USC, West Columbia police continue to see success in social work outreach program
Olivia Darr, University of South Carolina College of Social Work master’s student, spent 10 hours a week managing social work cases with the West Columbia Police Department in 2021, and it didn’t take long for her to understand the clear connection between social work and law enforcement.
It’s a connection the police department and the College of Social Work have been strengthening with a training program that introduces social work students to the world of law enforcement. The West Columbia Outreach Program allows graduate students to complete field work with the police department as part of their course requirements.
“Law enforcement and social work are a fantastic marriage,” West Columbia police chief Marion Boyce says. “They go together so beautifully.”
Nearly half of the 37,000 calls for help the police department gets every year are related to mental health or substance use. The program — birthed due to jail overcrowding in Lexington County — allows for officers to deescalate a situation, return people to safety, and then lets social work students assess the cases and discover people’s needs. The students then connect those people to the appropriate services within the community and the records are kept confidential.
For seven years, the partnership between USC and the police department has not only supported officers by reducing 911 calls when residents with mental health or substance use issues need assistance; it’s also given social work students experience with case management in real-world situations where people in need are referred to the appropriate service providers.
College of Social Work professor Rhonda DiNovo played a big role in creating the partnership and says the services offered by the program have given officers more time to respond to other emergencies. She also points out that the program does not alleviate people from their legal responsibilities.
“This is not a diversion program. If someone is doing something illegal that requires them to be held accountable to the law, they are held accountable,” DiNovo says. “We work with them after arrest or after they serve time with the goal of their behaviors not happening again.”
In addition to mental health and substance use intervention, the program has also helped with cases regarding runaway children, trafficking, DUIs, and even senior services and food drives.
Each fall semester, students in the Evaluation of Social Work Programs course collaborate with community organizations to evaluate their program effectiveness. Last year, one student group evaluated the West Columbia Outreach Program and found there was a 50% reduction in repeated behaviors by people who had received the program’s services.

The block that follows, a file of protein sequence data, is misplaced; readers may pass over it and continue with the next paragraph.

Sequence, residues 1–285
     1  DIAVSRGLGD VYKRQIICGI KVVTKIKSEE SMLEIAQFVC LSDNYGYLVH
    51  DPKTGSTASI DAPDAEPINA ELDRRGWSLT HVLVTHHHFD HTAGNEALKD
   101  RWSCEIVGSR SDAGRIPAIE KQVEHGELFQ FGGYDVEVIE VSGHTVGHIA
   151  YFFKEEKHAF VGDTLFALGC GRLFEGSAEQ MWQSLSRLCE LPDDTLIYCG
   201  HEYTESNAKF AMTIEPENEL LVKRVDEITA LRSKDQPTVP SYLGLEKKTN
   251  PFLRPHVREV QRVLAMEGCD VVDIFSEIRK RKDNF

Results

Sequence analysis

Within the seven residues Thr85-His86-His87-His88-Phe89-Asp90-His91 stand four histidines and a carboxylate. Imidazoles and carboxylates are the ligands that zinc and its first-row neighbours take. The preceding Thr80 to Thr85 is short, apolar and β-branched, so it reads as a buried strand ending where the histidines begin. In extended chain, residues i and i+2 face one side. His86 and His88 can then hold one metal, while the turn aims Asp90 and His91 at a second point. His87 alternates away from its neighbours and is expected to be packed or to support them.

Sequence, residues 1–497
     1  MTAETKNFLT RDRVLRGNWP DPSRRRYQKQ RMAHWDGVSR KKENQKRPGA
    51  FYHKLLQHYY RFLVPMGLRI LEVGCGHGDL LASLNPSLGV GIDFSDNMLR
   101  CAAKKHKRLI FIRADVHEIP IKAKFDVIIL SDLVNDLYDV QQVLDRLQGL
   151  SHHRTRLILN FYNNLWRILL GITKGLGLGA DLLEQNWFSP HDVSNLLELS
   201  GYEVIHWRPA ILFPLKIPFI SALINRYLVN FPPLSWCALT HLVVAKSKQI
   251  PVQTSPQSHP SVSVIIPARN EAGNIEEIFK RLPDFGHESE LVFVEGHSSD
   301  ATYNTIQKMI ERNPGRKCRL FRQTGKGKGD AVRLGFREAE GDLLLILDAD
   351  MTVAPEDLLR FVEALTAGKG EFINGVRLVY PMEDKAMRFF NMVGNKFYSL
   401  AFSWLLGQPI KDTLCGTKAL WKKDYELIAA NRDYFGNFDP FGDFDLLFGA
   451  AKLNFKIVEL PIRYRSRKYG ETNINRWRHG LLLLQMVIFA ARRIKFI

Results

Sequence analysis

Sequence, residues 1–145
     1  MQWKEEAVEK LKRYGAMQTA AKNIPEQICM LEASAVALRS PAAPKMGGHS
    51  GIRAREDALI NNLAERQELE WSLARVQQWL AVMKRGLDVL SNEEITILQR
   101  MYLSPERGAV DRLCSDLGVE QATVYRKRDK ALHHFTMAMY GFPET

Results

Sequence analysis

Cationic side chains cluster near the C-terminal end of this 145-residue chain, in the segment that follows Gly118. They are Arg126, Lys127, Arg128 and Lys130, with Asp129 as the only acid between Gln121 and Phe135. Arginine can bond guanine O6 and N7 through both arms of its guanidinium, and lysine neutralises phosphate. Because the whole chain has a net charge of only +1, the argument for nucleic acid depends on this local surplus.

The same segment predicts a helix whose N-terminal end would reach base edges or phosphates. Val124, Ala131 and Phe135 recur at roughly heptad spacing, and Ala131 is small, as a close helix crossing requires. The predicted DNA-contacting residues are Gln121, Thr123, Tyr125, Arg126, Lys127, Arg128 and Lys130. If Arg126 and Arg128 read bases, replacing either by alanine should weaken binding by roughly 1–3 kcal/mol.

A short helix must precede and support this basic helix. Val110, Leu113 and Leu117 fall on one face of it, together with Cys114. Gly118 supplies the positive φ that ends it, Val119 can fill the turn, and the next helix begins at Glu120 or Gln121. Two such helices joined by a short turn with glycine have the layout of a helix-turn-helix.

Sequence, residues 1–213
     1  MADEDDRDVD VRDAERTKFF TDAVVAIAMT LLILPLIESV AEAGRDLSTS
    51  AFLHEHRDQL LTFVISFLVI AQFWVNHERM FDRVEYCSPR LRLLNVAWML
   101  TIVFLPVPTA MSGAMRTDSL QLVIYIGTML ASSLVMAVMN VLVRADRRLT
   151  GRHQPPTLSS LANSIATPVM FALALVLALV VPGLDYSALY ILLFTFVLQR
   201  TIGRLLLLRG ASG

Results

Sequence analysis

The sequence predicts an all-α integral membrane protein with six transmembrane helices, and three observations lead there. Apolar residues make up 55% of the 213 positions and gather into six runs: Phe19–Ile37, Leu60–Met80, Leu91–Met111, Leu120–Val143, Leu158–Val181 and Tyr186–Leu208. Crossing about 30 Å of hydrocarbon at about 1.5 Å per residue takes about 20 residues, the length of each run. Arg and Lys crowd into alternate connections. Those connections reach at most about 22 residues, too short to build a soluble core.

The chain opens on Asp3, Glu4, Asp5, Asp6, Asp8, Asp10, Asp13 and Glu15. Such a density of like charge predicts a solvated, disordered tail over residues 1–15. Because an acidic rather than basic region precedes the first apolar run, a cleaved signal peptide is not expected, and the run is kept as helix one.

Aiding the outreach program in identifying target areas in which people might need help is a GIS mapping system coordinated through the City of West Columbia. The GIS tracks where incidents occur and records the hot spots for crimes and crises. The system also pushes alerts to officers who may be responding to situations in which they could be harmed.
Darr worked as DiNovo’s graduate assistant when she completed field hours through the program. She believes it’s important to ask why certain behaviors happen and learn about the experiences that have led people to the moments which require law enforcement intervention. This program, she says, is great training for people who want to go into social work.
“The GIS was really interesting to see, especially for research purposes,” Darr says. “On this street, there would be a lot of people experiencing food insecurity. On that street, there would be more interpersonal violence situations. It was compelling to see the patterns of cases in different locations.”
Boyce points out that people who choose to go into the professions of law enforcement and social work want to help people, and that commonality is what has helped everyone affiliated with the program work so well together despite differences in communication and perspectives. He’s pleased with the program and expects it to continue flourishing.
“It’s unique because, to my knowledge, we’re the only law enforcement agency in South Carolina to have a partnership like this with a major university,” Boyce adds. “We’re very fortunate to have USC in our backyard.”
Some people suffering from mental illnesses may commit crimes, and providing the right services for those people helps keep them and responding officers safe. While some mental conditions do not go away, they can be properly managed so people can live better lives.
“Society has always moralized the issues of mental health and substance use,” DiNovo says. “I like to look at it as, rather than a character flaw, a cry for help. It’s an act of desperation. So let's offer them helpful resources so they are supported in making safer, healthier choices."